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New Zealand Wars and the Victorian…

New Zealand Wars and the Victorian Interpretation of Racial Conflict

by James Belich

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861220,215 (4.13)None
The New Zealand Wars is a powerful revisionist history. Revealing the enormous tactical and military skill of Maori, and the inability of the 'Victorian interpretation of racial conflict' to acknowledge those qualities, this account of the New Zealand Wars changed how the country's history was understood. Belich undertakes a complete reinterpretation of the crucial episode in New Zealand history and the result is a very different picture from the one previously given in historical works. Maori, in this new view, won the Northern War and stalemated the British in the Taranaki War of 1860-61 only to be defeated by 18,000 British troops in the Waikato War of 1863-64. The secret of effective Maori resistance was an innovative military system, the modern pa, a trench-and-bunker fortification of a sophistication not achieved in Europe until 1915. According to the author: 'The degree of Maori success in all four major wars is still underestimated - even to the point where, in the case of one war, the wrong side is said to have won.' Here, Belich sets out to show how historical distortions have arisen over time and revises our understanding of New Zealand history by using fresh evidence and a systematic re-analysis of old evidence.… (more)



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In general Pākehā seem to have a ‘collective amnesia’ about the New Zealand Wars. This was challenged by Rhodes Scholar Belich in his ‘revisionist’ history, originating as a thesis but published in 1986 as The New Zealand Wars and the Victorian Interpretation of Racial Conflict. It ‘helped reframe the wars - sometimes known as ‘the Māori Wars’ (with its ‘native-quelling’ connotations) - as ‘the New Zealand Wars’. The book sold an impressive 20,000 copies’ (Botes, 2009, para. 4) and impacted on the reshaping of national identity. Contrary to popular opinion at the time Belich pointed out ‘just how often the Māori were successful in battle and how near they came to winning the war’ (Wattie, 1998, p. 568). Jones (1989) explains that ‘Literature is an institution within a society, and as such it both reflects and projects an image of that society’s cultural identity’ (p. 187).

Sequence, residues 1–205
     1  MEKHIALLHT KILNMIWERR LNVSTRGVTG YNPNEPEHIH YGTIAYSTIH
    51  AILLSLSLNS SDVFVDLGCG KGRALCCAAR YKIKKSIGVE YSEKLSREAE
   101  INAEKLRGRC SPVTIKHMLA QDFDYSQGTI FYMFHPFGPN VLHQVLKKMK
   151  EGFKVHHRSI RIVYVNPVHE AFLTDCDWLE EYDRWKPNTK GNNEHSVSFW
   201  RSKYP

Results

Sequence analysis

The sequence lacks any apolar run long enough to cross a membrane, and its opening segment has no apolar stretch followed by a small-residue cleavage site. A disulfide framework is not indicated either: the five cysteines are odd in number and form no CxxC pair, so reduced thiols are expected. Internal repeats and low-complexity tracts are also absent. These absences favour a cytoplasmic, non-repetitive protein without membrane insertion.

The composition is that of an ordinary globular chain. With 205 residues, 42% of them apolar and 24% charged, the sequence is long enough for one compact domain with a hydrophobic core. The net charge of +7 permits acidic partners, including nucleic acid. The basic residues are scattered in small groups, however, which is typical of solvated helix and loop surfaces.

Coincidently, it is the white marble frieze on Rāwiri Puhirake’s memorial at Mission Cemetery, Tauranga, that features on the cover of Belich’s book. Therefore, whether people know it or not, they are familiar with this enduring image from the Battle of Gate Pā. Wood (2010) describes the book as a ‘revisionist history because it embodies a changed outlook free of any earlier imperial mindset or trappings’ (p. 22). As Belich (1998) himself states ‘the one thing contemporary explanations of the British defeat had in common was the lack of emphasis on the role of Māori skill and forethought’ (p. 186). Literature is one vehicle people use to explore their identity as a nation. ( )
  DebbieMcCauley | Aug 13, 2011 |
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This book rewrites our understanding of the wars between Maori and Pakeha, and of colonial warfare in general. It is the inspiration for a five-part documentary series of the same name written and presented by the author James Belich.
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